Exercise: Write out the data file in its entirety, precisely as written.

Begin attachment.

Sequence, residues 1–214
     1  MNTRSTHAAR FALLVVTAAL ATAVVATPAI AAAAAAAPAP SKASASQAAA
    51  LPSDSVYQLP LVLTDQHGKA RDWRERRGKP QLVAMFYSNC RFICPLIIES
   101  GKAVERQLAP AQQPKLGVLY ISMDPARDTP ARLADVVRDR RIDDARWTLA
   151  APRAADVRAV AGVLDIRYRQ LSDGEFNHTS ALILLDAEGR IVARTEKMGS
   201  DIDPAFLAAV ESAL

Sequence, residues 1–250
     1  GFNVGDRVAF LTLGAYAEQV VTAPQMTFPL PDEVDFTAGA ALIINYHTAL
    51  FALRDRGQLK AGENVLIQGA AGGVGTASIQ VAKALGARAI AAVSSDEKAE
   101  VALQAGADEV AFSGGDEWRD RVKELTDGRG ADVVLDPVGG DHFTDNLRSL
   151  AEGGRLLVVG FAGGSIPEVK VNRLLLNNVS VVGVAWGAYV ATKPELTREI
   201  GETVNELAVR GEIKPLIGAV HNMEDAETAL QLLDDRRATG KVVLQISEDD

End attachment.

Sequence, residues 1–214
     1  MNTRSTHAAR FALLVVTAAL ATAVVATPAI AAAAAAAPAP SKASASQAAA
    51  LPSDSVYQLP LVLTDQHGKA RDWRERRGKP QLVAMFYSNC RFICPLIIES
   101  GKAVERQLAP AQQPKLGVLY ISMDPARDTP ARLADVVRDR RIDDARWTLA
   151  APRAADVRAV AGVLDIRYRQ LSDGEFNHTS ALILLDAEGR IVARTEKMGS
   201  DIDPAFLAAV ESAL

Sequence, residues 1–250
     1  GFNVGDRVAF LTLGAYAEQV VTAPQMTFPL PDEVDFTAGA ALIINYHTAL
    51  FALRDRGQLK AGENVLIQGA AGGVGTASIQ VAKALGARAI AAVSSDEKAE
   101  VALQAGADEV AFSGGDEWRD RVKELTDGRG ADVVLDPVGG DHFTDNLRSL
   151  AEGGRLLVVG FAGGSIPEVK VNRLLLNNVS VVGVAWGAYV ATKPELTREI
   201  GETVNELAVR GEIKPLIGAV HNMEDAETAL QLLDDRRATG KVVLQISEDD